PowerShell cmdlets for managing SQL Vulnerability Assessments

First published on MSDN on Jul 05, 2018

We are pleased to announce the availability of PowerShell cmdlets for managing SQL Vulnerability Assessments for your SQL Servers. The cmdlets can be used to run assessments programmatically, export the results and manage baselines. They enable the scenario of running assessments and managing baselines across multiple databases in your environment.

To get started, download the latest

SqlServer PowerShell module

on the PowerShell Gallery site.

Vulnerability Assessment

SQL Vulnerability Assessment (VA) is a service that provides visibility into your security state, and includes actionable steps to resolve security issues, and enhance your database security. It can help you:

  • Meet compliance requirements that require database scan reports.
  • Meet data privacy standards.
  • Monitor a dynamic database environment where changes are difficult to track.

VA runs vulnerability scans on your database, flagging security vulnerabilities and highlight deviations from , such as misconfigurations, excessive permissions, and unprotected sensitive data. The rules are based on Microsoft's and focus on the security issues that present the biggest risks to your database and its valuable data. These rules also represent many of the requirements from various regulatory bodies to meet their compliance standards.

Results of the scan include actionable steps to resolve each issue and provide customized remediation where applicable. An assessment report can be customized for your environment by setting an acceptable baseline for permission configurations, feature configurations, and database settings. This baseline is then used as a basis for comparison in subsequent scans, to detect deviations or drifts from your secure database state.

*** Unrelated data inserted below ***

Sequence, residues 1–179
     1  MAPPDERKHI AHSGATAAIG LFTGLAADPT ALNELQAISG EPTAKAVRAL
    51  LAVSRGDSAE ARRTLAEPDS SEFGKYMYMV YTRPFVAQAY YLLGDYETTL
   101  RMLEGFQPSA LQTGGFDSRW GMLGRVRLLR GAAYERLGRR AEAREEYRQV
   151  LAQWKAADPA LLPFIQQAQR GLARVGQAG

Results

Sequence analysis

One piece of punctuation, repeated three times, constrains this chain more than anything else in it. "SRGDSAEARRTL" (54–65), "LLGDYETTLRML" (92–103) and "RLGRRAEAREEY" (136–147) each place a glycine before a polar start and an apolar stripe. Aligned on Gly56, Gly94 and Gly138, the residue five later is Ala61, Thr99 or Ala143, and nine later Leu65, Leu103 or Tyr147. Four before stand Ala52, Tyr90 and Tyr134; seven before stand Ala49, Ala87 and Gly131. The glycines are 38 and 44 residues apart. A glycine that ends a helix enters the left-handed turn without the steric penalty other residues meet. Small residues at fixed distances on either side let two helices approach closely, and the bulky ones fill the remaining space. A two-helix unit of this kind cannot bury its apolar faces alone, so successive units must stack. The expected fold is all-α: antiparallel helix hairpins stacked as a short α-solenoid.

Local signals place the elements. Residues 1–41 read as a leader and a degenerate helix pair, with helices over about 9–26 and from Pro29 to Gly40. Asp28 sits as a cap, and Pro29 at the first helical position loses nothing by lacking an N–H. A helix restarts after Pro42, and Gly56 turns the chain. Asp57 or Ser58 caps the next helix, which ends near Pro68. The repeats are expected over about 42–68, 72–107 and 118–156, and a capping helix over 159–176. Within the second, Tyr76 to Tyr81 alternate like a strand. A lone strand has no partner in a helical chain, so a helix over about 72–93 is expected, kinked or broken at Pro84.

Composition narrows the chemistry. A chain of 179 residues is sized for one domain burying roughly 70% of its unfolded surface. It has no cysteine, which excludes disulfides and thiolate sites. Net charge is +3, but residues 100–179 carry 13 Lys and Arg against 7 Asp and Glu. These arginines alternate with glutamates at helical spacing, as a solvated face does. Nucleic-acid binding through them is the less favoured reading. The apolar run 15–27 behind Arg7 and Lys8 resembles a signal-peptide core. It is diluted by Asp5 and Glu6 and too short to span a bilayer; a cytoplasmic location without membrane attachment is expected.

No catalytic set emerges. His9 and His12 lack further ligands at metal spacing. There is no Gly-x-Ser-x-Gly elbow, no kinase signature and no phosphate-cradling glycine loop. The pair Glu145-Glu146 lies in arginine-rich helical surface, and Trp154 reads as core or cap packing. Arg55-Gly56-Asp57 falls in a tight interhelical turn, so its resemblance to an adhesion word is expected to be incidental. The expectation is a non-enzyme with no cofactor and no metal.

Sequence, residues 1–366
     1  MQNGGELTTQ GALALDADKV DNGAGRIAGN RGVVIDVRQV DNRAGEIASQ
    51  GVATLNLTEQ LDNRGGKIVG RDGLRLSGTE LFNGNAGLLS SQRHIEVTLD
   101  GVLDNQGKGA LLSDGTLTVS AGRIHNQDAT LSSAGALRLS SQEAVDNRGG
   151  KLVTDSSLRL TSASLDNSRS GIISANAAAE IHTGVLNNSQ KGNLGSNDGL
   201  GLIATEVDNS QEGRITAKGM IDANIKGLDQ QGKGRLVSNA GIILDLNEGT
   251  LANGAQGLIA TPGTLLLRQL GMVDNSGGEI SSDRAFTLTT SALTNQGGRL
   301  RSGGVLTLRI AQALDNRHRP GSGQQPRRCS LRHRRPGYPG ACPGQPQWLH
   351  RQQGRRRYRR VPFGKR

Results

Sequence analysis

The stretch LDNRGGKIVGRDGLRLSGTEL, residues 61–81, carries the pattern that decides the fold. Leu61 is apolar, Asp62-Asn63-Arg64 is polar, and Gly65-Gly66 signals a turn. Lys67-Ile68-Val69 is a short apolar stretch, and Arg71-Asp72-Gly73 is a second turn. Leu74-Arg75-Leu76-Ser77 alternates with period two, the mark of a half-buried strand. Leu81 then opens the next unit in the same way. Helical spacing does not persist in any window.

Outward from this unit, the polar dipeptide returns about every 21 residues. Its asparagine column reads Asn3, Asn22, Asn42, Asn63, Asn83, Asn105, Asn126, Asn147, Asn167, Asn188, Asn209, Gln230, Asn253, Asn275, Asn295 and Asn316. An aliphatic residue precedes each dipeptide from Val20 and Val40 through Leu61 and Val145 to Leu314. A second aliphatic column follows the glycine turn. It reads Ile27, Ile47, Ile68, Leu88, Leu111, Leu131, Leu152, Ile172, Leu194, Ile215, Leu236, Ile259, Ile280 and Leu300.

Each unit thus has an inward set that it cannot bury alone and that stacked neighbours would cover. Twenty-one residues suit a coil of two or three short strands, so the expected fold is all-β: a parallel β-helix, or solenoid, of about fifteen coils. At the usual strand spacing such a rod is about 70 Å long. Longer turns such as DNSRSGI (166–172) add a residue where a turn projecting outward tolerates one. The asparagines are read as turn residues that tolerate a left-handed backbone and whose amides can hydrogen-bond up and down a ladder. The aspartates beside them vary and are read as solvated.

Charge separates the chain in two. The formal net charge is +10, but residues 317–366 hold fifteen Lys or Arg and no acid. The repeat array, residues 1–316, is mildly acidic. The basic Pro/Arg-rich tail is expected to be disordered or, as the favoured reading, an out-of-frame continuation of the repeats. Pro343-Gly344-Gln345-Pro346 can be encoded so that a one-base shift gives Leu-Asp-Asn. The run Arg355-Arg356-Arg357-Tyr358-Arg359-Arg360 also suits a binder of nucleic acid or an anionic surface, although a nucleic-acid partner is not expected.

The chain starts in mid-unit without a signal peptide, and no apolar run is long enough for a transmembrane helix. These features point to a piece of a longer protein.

Cmdlets for managing assessments

Until now, SQL Vulnerability Assessment could be run and managed via the

Azure portal

for Azure SQL Database, and

using SQL Server Management Studio (SSMS)

for , supporting 2012 and up. Now, you can also use PowerShell cmdlets to run and manage scans at scale on installations, whether on-premises or installed on a VM.

The available cmdlets are:


Cmdlet

Usage

Invoke-SqlVulnerabilityAssessmentScan
Use this cmdlet to run a VA scan on your database. Provide the target server and database, and optionally an existing baseline, and get the scan results as output. You can to the database using Windows or using a valid credential.

Export-SqlVulnerabilityAssessmentScan
Use this cmdlet to export the results of a VA scan to an Excel file.

New-SqlVulnerabilityAssessmentBaseline
Use this cmdlet to create a new baseline for a particular VA security check. This baseline can then be added to a baseline set, which can in turn be used to run a new VA scan with customized result values. A result from a previous VA scan can be used to set the value for this baseline.

New-SqlVulnerabilityAssessmentBaselineSet
Use this cmdlet to create a new VA baseline set, which is a collection of VA baseline values for different security checks. The baseline set can be used to run VA scans with customized results, tailored to your database environment.

Export-SqlVulnerabilityAssessmentBaselineSet
Use this cmdlet to export a VA baseline set to a file. The output file can be opened and managed in SSMS.

Import-SqlVulnerabilityAssessmentBaselineSet
Use this cmdlet to import a VA baseline set from a file. It can be used to import baseline sets created by SSMS.

For a detailed reference on all SQL Server PowerShell cmdlets, see the

online documentation

.

Get started now with VA PowerShell Cmdlets

The SqlServer PowerShell module can be found on the

PowerShell Gallery

site. See the

download

instructions for more details.

For more details on working with VA in SSMS, see

Getting Started with SQL Vulnerability Assessment in SSMS

.

To learn more about VA, and see an assessment in action on Azure SQL Database, check out this

Channel 9 demo

.

Try it out and let us know what you think!

 

This article was originally published by Microsoft's Azure SQL Database Blog. You can find the original article here.